Tuesday, February 14, 2017

Mistakes in Division

Time, Split, By, Divide, Multiplication  Over the past few years, I've noticed a trend in my incoming students.  The majority of the students seem to make the same two mistakes when dividing.  I do not know where it comes from.  I have no idea where or when the misconception developed.

It is frustrating because I am not sure how or when to reteach the topic so students start doing it correctly.

First is when students divide, they do not place a zero in as a place holder.  An example would be dividing 5020/10.  So 10 goes into 50 five times.  The student writes 5 above and brings down the 2 but does not put a zero above it.  They bring down the 0 for 20 and put 2 above it because 10 x 2 = 20. 

Instead of 502, they come up with 52.  These students do not recognize they need a zero in there as a place holder.

I've been thinking of having students do their division either on graph paper so they can place one digit per column or use lined paper sideways.  If there is supposed to be a number in each column for the answer, it might provide an automatic reminder to put the zero in for a place holder.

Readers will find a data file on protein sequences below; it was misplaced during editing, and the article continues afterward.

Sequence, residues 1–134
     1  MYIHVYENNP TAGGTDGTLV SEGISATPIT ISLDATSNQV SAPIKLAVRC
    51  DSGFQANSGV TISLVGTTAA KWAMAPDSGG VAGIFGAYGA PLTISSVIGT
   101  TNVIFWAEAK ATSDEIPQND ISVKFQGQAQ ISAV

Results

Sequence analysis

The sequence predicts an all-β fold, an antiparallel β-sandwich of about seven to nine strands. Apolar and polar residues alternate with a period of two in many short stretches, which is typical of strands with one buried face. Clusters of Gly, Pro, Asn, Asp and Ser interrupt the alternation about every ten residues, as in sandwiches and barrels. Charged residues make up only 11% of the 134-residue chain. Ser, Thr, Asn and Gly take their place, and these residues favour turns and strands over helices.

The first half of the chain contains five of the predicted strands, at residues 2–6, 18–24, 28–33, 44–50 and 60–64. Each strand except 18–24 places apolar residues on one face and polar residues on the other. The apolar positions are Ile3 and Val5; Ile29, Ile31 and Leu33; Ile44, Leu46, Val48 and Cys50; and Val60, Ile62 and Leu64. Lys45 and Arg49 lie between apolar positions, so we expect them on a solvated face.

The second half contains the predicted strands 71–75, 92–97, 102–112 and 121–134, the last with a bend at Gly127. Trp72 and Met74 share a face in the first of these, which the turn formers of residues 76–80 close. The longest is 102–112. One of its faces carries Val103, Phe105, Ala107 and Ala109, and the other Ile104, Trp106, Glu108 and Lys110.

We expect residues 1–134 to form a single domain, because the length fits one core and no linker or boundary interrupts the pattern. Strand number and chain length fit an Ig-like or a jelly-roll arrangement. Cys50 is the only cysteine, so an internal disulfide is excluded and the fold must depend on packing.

The other situation is thinking the remainder is the number you place next to the decimal.  An example would be 13/5.  The student knows 5 goes into 13, twice.  They write 10 and subtract so 13 - 10 is 3.  They put 5.3 rather than 5.6 because 3/5 = .6.  It is something that occurs with great regularity. 

This one is a bit more challenging.   I am not sure how to have them think about converting the remainder into a decimal.  The only idea I have is to have them create a picture showing the remainder as a fraction of the original. Once they have a fraction, they can convert it from the illustration into a decimal. 

If anyone has any suggestions on ways to help students overcome these misconceptions, I would love to hear.  I realize I could just let them do the math on the calculator and not worry about these misconceptions but the first issue could translate into dividing rational expressions.  They might not put a zero when needed if dividing x^2 + x -3/x+1. In addition, they might not use the remainder properly.